Jimmy and Jim continued their friendship. Jim nicknamed Jimmy Ricky Nelson because of his resemblance to the Ozzie and Harriet son and singer, Jimmy even sounded like Ricky Nelson and Jim would make him sing Ricky Nelson songs and crack up laughing (Jimmy says Jim later “became the antidote to Ricky Nelson”). And they would talk. Jim said of himself, “I suffer from acute perception.” Jim would do things to “shock people, to get them off-balance and get what he called ’leverage’ in the conversation.” Jimmy also detected some despair in Jim, Jim saying he “would leave this planet soon,” and like others, Jimmy noticed a change in Jim, “there seemed to be a time when he changed from the pudgy poet to somebody completely different…almost like he experienced a walk in which a great spirit enters the body of an otherwise normal man and makes him a spiritual giant (a vision quest)”.
The site of Olivia’s today: it’s a surf and skate shop called “ZJ Boarding House” in Santa Monica.
Jimmy would see Jim sitting at a table in Olivia’s, looking out the window, and writing. At the time Jim would show people his poems if they were interested, carrying them around in a leather purse for which he would get chided, “nice purse young lady,” and Jim would respond, “I got it from your old man.” Occasionally, Jim would whip out his poems and start to read them, a favorite spot for this was under the bright streetlight outside of Van Gogh’s Ear.
Part III: The Early Doors
Jimmy was a “Doors fan before they were The Doors”. Jim was still coming to Olivia’s and when Jim and Ray were putting together The Doors, Jimmy attended some of the earliest rehearsals in a house behind the Greyhound Bus Station in Santa Monica and would see Jim out on Muscle Beach working out on the gymnastic rings, which Jimmy says is how Jim got to be “raky thin.”
When The Doors started getting gigs, Jimmy was a self-described “Doors kid,” and there was a price to be paid for that early allegiance. Jimmy would go to the Venice Beach Boardwalk (strand) and staple flyers of The Doors’ shows up and down the strand and it was kind of a battle with the police who would tear the flyers down and Jimmy would go back after they left and put up new ones. There was other crime on the beach the police ignored but they only seemed to be going after the pot smokers and Rock ‘n’ Rollers. One day the cops caught Jimmy putting up flyers and started beating him up, they had him on the ground kicking him and he was shouting, “what’s the matter with you man, I’m just a Doors kid!” At which point Jim came running down the strand from a bar where the band was playing and started shoving the cops away who had surrounded Jimmy. Afterwards, Jimmy asked Jim why they did that and Jim said “they’re just squares Jimmy, that’s why they do this, they’re just squares,” something Jimmy remembers to this day.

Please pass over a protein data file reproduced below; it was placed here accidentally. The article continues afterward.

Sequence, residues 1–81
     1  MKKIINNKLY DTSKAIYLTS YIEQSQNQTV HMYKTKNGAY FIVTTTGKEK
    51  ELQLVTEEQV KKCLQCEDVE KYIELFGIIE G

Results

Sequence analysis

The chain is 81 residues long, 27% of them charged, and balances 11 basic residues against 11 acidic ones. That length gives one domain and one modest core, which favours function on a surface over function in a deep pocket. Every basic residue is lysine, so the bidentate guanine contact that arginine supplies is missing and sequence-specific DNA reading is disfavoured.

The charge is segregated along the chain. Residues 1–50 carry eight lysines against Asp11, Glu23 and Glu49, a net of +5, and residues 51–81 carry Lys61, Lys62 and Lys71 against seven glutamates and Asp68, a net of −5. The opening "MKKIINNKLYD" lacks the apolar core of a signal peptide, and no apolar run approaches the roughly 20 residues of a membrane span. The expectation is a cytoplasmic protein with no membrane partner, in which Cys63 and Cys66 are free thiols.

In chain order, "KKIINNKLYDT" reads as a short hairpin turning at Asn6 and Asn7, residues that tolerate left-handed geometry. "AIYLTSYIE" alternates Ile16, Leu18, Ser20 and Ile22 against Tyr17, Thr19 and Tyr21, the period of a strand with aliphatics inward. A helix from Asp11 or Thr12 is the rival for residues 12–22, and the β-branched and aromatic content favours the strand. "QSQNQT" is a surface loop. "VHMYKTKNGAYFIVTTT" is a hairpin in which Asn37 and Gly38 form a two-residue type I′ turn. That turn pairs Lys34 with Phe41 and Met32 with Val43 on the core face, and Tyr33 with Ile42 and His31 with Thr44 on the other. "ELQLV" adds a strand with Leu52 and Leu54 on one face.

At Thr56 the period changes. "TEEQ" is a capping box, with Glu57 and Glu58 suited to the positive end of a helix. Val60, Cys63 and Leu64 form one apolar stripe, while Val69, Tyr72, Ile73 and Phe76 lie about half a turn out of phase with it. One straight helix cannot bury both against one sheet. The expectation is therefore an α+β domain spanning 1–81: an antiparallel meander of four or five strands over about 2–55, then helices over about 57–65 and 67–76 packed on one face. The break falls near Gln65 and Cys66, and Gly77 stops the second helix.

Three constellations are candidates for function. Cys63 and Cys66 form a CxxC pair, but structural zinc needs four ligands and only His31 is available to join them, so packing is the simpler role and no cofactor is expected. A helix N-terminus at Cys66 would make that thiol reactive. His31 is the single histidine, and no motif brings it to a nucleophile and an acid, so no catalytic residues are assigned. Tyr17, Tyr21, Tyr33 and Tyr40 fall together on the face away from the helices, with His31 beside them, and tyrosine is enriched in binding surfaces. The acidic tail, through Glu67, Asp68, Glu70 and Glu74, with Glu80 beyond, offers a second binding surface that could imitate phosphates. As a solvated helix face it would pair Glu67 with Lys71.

Jimmy also witnessed probably one of the first radio interviews with Jim in 1966, the DJ asked Jim what his definition of Rock ’n’ roll was. Jim answered “Rock ‘n’ Roll is the sound of angels telling the truth.”
Soon after, Jimmy was drafted and Jim told him he could get him out of it, but unlike getting him the job at Olivia’s Jim wasn’t able to get Jimmy out of the draft, and Jimmy served in the Marine Corps. More recently, Jimmy has become a lawyer and after suffering a bout with substance abuse is now in recovery and started Doors fun runs where he would take a jogging tour of Venice Beach and show people The Doors/Jim Morrison sites, like where Jim used to sit and tell the passing girls he loved them.
Before Jimmy left for Vietnam, Jim said to him “don’t let them forget me.” In Vietnam, Jimmy lost some friends and still expects them to come in the door, but the comrade in arms he misses the most is Jim Morrison.
Originally published September 23, 2011.